I said, “You did today and you’ll do it tomorrow and in future years. Why? Because You CARE.” When I had my accident 6 years ago, Terry and Mike Glasscott didn’t miss a beat, and after I returned I could see the work Terry put forth. While I know in the back of his mind he was trying to please me, it was Terry that made leaps with regards to his on-air presence, and his overall confidence. Bottom line – he got better.
Little did I know our Semistate trip to New Castle would be our last. He was happy his ailing brother was feeling better, always talked about his mom and their Sunday gatherings, being a grandad, and babysitting so Shelby and Charlie could go out after an IU game. And he SO much looked forward to the new arrival.
On the way home, he made a comment about using Monday to start the ball rolling on a new knee so he could play golf, “Hey! These next few weeks are all about me!” He was looking forward to Spring, sitting outside my place with his Miller Lite and me with my Ultra.
While I’m still coming to grips with his sudden passing, I watched a very passionate man go about his trade. I told him once, “You’re a natural.” He’d always fist bump just prior to air – “All Right let’s get it after it.”
I’ll miss that. “Stats with Stultz” and the road trips home from cutting down nets in Columbus, Center Grove, Seymour, and a few other outposts – stopping occasionally for “a Road Pop.”
“How can I get better?” You did Terry, by being you. I’ll miss you so much my friend.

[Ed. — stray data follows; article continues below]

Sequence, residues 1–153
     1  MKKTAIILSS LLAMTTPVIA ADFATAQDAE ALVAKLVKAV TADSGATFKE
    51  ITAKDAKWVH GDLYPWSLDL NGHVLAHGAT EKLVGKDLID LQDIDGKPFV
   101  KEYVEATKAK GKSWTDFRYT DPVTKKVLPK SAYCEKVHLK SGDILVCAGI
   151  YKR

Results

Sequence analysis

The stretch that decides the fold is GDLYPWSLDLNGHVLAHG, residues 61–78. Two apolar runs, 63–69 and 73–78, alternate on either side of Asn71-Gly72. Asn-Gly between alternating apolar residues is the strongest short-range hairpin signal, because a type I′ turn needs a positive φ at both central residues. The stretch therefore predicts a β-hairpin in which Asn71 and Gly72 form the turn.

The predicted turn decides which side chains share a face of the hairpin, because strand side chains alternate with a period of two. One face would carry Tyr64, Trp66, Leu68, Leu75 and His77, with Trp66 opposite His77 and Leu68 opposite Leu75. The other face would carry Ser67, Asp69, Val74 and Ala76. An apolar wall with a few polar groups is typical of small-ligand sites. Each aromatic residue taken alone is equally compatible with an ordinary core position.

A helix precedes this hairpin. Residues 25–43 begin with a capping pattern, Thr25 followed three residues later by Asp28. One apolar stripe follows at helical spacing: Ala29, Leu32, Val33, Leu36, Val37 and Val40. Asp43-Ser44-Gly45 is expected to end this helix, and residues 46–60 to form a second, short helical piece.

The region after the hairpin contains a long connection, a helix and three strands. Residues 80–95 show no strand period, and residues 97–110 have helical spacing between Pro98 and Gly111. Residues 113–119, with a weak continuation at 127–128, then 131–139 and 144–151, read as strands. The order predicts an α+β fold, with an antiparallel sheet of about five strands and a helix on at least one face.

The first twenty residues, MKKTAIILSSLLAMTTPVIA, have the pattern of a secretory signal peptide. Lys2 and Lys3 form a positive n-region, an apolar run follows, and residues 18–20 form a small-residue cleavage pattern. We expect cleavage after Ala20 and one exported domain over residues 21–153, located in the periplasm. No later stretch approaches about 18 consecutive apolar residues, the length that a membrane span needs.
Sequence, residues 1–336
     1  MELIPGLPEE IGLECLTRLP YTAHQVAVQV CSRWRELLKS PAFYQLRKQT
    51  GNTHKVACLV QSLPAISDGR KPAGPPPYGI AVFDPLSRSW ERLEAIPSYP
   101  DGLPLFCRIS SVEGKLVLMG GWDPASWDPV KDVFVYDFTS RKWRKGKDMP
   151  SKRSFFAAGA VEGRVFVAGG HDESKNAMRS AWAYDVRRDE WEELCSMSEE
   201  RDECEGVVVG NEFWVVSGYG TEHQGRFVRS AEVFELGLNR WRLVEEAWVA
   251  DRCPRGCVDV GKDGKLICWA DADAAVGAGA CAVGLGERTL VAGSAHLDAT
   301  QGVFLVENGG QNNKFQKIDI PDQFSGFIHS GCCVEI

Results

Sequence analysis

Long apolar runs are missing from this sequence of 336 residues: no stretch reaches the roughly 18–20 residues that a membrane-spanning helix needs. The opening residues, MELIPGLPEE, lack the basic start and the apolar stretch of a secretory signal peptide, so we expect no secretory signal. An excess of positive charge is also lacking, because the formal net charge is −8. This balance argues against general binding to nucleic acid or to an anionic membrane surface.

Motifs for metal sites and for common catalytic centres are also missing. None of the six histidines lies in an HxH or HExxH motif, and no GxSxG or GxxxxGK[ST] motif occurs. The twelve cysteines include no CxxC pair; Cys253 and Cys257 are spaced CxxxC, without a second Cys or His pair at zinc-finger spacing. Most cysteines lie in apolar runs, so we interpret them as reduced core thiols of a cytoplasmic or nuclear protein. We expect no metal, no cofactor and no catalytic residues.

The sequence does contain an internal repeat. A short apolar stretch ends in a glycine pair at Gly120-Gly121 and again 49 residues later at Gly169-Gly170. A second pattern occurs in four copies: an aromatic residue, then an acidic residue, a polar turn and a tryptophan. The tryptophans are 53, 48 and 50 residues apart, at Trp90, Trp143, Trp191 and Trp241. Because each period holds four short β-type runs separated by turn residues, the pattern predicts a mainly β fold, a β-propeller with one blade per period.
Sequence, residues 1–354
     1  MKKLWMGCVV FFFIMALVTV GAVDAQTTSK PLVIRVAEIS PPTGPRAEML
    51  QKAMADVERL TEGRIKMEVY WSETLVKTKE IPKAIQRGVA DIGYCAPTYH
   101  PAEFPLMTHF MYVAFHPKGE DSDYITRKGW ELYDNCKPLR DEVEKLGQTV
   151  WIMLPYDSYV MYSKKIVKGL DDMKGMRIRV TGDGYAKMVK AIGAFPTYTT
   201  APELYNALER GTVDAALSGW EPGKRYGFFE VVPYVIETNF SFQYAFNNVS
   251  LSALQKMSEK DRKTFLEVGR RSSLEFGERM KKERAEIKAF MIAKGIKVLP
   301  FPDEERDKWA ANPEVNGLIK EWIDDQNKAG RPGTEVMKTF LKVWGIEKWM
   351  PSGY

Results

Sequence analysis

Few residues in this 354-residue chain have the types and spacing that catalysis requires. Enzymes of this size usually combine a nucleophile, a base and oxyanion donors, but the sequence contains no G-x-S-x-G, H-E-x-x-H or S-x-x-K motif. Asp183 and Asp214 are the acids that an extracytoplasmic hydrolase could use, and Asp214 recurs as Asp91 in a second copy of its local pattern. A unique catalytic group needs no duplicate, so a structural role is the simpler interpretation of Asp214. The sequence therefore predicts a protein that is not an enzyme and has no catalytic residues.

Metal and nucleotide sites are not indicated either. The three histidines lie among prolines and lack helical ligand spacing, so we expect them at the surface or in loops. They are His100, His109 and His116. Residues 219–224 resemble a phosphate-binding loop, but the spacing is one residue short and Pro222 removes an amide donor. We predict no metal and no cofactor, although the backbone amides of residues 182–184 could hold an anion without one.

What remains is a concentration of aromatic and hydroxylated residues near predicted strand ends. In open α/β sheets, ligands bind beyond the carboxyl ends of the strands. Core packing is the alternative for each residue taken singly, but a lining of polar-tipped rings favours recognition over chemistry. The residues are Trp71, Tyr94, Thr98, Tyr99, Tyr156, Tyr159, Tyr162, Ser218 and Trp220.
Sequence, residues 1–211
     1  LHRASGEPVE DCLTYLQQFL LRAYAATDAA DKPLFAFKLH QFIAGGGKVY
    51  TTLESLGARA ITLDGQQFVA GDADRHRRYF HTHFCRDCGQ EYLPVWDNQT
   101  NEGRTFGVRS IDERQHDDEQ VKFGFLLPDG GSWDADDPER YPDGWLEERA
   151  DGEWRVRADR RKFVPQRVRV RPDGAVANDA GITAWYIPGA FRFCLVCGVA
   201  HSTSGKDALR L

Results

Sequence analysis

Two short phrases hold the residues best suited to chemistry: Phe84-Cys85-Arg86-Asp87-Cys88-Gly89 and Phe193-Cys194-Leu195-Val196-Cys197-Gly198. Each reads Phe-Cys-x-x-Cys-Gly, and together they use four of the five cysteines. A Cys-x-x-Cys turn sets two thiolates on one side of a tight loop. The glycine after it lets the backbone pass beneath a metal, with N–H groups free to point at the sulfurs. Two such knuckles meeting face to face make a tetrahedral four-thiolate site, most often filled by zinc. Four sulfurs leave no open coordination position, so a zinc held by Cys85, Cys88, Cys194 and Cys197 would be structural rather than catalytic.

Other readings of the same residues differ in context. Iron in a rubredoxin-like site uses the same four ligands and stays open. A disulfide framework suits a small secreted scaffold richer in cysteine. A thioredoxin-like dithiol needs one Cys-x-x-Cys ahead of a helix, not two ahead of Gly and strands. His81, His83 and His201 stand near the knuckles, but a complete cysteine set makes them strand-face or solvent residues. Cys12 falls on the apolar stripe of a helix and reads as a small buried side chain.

Debby Cornwell says
This is absolutely gut wrenching. What a beautiful tribute by Glass and Joe. Terry’s passing is shocking and just sad. He was a friend since 7th grade, will miss running into him at Krogers, which was frequent. RIP buddy. 💔
Scott Dompke says
This is a tough one, so soon after Dave Jack. Thanks Glass and Joe for doing this. See ya soon.
Doug Bruce says
As an architect-I knew Terry in our industry first-then “radio” Terry came to life. I always teased him about something I might have heard him mutter on air-mostly because I liked to hear him laugh, sometimes, just because he expected me to take a dig at him. I only recently saw him at the Bloomington Home Show-doing what he always did-helping people make good decisions. He always had a story too. I wished I had been able to share a beer with him-I guess I will always wish that now. He brought radio to life. His voice was the voice on air of an everyday person-although he had more knowledge than you, he never made a listener feel like he was smarter-to the contrary, he made you feel like your best friend was on the radio calling the game. Rest in piece Terry.
Jon Easter says